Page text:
An SNP MP has come under attack from the British National Party, after calling for the UK's immigration rules to be relaxed so that an Indian woman can return to Scotland. Pete Wishart (left) was ridiculed on the BNP's website and described as a liar and "do-gooder" after raising the case of Nidhi Singh in the House of Commons.
Mrs Singh and her two young daughters were forced to leave their home in Perth after her husband, Navjot, died in January, months before he would have been resident in the UK long enough to qualify for indefinite leave to remain. Mrs Singh voluntarily returned to India, as she realised the family's right to stay in the UK was dependent on her husband's status. She is now keen to return to Scotland, where her husband's ashes are scattered and where her daughters went to school.
The Singhs arrived in Perth in 2004 with their first daughter, Kashish, now eight. Their second daughter, Tanisha, was born in Scotland. Mr Singh was employed by insurance firm Aviva.
Mr Wishart, the MP for Perth and North Perthshire, said the case highlighted a lack of flexibility in the immigration system, which he said worked to Scotland's disadvantage as it deprived the country of skilled workers – Mrs Singh has a degree in electronics and communications. He called for the UK to follow the lead of President Barack Obama's US administration and agree an immediate halt to the deportation of widows. The SNP wants immigration policy devolved to Holyrood, as it believes this would make it easier to address a projected fall in Scotland's population.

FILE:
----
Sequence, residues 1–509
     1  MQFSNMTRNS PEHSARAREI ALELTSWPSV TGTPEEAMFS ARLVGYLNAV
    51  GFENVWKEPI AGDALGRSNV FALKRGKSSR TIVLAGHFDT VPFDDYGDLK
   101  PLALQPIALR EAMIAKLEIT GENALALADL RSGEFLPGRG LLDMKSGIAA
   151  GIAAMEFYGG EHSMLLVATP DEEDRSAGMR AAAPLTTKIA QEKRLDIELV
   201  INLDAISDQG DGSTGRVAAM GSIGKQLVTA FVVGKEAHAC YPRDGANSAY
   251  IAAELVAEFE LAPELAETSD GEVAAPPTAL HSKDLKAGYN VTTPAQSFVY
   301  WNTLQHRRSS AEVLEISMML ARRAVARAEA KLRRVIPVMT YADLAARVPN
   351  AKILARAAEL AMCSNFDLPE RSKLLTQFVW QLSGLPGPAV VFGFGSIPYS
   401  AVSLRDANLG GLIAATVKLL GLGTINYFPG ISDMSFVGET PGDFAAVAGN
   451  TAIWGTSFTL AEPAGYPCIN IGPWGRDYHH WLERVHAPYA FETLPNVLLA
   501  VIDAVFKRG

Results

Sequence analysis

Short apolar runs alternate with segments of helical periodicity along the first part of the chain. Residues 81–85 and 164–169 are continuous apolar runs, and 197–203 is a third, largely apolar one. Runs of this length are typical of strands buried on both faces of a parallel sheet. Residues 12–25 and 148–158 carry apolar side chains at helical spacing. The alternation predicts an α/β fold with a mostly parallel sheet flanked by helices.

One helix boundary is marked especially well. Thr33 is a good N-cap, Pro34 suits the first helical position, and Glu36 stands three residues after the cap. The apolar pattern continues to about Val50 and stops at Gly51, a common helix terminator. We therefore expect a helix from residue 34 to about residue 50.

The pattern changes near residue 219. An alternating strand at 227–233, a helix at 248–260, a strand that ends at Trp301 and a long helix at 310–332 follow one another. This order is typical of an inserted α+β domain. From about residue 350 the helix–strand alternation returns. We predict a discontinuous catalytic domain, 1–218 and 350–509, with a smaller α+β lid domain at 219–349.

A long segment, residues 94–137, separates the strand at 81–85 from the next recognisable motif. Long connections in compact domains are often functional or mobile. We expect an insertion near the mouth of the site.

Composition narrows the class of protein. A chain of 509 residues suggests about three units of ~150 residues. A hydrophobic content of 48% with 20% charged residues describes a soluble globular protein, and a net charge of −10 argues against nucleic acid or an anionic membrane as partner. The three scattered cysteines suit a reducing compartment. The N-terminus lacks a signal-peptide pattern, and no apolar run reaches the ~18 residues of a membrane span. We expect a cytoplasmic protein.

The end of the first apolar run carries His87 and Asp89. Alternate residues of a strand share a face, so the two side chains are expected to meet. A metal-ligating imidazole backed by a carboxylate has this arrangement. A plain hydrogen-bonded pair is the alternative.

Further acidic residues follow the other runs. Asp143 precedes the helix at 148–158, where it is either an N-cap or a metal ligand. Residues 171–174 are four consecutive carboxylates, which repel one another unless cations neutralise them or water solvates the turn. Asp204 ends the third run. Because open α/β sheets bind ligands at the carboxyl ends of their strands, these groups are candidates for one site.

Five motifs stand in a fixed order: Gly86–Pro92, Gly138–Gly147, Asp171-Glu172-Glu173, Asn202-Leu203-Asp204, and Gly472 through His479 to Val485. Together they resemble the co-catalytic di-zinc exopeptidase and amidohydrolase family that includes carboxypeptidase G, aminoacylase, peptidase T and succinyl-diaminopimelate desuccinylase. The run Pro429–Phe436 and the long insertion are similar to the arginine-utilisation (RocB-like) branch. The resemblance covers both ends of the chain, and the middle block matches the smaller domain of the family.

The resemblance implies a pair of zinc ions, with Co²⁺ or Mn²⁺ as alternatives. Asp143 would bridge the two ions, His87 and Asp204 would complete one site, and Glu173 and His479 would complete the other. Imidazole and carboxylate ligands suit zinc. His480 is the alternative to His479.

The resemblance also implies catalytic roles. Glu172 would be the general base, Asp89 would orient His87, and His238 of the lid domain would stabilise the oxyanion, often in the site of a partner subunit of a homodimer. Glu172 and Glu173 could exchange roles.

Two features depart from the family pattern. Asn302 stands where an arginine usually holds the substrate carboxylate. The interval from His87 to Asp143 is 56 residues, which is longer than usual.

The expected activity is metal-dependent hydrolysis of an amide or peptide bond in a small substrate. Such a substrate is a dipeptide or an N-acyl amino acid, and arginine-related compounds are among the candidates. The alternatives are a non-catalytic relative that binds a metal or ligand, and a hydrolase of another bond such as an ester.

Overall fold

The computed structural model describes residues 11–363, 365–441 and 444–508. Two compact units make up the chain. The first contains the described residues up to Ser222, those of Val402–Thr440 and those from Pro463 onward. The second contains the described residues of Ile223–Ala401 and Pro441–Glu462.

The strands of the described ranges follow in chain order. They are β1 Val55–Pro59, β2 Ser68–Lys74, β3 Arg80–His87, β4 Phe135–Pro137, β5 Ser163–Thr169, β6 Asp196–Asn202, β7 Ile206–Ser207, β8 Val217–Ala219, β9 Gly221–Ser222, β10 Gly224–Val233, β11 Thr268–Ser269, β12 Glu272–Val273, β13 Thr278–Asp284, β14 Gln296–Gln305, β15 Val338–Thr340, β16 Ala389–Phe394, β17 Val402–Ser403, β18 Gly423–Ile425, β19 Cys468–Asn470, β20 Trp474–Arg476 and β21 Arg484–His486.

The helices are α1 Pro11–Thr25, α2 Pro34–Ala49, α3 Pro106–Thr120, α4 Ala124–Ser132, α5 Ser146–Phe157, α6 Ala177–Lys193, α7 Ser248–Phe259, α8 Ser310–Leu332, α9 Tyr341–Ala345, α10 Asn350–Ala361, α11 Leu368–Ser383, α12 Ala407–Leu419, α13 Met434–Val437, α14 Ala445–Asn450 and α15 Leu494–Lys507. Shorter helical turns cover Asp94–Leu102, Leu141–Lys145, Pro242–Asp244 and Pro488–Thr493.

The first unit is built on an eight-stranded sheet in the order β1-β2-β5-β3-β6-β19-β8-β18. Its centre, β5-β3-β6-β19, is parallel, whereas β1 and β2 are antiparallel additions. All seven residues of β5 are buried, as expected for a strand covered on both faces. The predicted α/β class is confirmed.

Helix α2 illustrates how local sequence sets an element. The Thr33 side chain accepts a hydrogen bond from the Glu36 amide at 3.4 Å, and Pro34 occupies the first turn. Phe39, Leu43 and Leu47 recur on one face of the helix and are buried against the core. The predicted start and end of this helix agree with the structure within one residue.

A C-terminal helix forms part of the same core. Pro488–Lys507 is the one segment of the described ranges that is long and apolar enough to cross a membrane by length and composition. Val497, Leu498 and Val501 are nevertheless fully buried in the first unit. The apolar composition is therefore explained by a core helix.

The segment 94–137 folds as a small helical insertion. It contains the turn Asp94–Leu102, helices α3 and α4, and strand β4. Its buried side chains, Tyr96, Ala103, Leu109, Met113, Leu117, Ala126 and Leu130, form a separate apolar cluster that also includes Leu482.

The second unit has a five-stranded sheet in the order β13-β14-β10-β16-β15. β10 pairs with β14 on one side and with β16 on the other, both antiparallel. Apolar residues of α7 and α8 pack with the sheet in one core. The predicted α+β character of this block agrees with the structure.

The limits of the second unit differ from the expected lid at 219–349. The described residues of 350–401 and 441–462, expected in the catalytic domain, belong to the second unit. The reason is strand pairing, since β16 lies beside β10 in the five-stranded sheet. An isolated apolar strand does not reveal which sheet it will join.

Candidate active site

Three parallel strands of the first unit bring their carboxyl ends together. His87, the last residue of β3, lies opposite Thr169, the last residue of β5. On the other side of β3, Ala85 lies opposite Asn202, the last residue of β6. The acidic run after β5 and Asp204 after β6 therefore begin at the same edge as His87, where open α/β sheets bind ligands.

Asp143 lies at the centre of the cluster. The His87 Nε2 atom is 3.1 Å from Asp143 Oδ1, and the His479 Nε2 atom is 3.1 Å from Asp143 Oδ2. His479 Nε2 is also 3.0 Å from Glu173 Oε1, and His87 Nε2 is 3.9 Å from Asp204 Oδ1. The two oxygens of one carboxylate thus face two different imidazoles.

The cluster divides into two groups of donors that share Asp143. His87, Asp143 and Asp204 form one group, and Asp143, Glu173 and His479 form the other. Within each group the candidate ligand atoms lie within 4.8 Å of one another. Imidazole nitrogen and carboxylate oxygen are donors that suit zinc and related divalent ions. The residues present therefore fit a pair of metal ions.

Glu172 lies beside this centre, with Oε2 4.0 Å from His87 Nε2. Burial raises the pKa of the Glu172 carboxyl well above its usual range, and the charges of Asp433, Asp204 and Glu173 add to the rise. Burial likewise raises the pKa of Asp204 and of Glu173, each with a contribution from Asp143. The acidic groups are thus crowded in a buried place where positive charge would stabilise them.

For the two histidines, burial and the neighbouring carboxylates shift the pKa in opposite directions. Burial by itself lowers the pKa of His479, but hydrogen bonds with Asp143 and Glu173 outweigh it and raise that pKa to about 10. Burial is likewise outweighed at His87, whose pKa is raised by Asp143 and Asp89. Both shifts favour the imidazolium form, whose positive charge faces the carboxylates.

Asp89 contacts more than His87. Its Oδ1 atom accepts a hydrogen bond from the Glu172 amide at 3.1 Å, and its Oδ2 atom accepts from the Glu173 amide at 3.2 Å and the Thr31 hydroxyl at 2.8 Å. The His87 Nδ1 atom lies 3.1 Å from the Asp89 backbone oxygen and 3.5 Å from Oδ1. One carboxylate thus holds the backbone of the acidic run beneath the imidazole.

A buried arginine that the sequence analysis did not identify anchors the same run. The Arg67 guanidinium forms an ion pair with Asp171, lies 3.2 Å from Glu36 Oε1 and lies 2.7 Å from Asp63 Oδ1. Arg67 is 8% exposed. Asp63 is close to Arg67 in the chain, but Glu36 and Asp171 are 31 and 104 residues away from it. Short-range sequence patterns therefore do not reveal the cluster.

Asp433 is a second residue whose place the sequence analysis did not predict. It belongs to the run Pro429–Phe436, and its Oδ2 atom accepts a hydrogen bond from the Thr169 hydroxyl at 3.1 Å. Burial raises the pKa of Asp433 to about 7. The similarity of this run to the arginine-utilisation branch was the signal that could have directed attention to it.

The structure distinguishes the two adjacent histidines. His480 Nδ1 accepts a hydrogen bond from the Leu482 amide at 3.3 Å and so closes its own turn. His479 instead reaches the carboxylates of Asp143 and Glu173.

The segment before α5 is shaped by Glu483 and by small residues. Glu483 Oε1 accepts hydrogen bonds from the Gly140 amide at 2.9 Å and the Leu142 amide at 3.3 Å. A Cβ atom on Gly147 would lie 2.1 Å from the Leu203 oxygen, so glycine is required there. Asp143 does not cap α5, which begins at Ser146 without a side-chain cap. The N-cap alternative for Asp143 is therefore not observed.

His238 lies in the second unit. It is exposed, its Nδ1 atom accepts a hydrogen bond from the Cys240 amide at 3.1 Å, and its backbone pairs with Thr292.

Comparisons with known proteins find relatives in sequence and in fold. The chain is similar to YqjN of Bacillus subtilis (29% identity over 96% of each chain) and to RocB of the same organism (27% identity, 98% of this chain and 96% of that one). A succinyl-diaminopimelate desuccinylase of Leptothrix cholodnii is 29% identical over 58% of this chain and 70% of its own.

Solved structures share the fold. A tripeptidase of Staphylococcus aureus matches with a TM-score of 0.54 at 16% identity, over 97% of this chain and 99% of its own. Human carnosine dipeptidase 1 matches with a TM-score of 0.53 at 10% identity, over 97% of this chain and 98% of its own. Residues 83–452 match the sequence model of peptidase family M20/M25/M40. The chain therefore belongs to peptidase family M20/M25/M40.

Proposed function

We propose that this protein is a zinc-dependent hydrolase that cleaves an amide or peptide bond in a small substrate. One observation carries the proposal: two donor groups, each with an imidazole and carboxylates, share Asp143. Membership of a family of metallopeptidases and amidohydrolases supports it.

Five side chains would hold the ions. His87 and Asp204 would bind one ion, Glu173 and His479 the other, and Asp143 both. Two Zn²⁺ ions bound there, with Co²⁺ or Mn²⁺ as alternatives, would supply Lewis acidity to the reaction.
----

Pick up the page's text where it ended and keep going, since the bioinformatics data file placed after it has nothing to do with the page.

But the BNP said: "The SNP are so desperate to disenfranchise the Scots they would bring someone back to Scotland who, under the law, shouldn't even be living here."
An angry Mr Wishart said: "This attack is deplorable. I don't care what the BNP say about me, but the way they have tried to twist the facts of this case to suit their own nasty agenda is beneath contempt. The Singhs were forced out of their home and community at a sad and vulnerable time. Anyone with an ounce of decency will recognise that making a small change to the rules to ensure that this does not happen again is absolutely the right thing to do. Given our declining population, Scotland should be encouraging families like the Singhs to stay – not pushing them away."
Mr Wishart raised his concerns with Harriet Harman, the Leader of the Commons, this week.
Ms Harman told him that such cases were dealt with on an individual basis. "Members can ask ministers to intervene and exercise their discretion if the legal process has not produced a result that is considered fair," she said.
Last year, the Home Office reversed plans to deport to India a St Andrews University student, Swarthick Salins – whose cash reserves fell £80 below the £800 minimum required for immigrants under UK rules – after the intervention of the SNP. Mr Salins had lived in Scotland for nine years.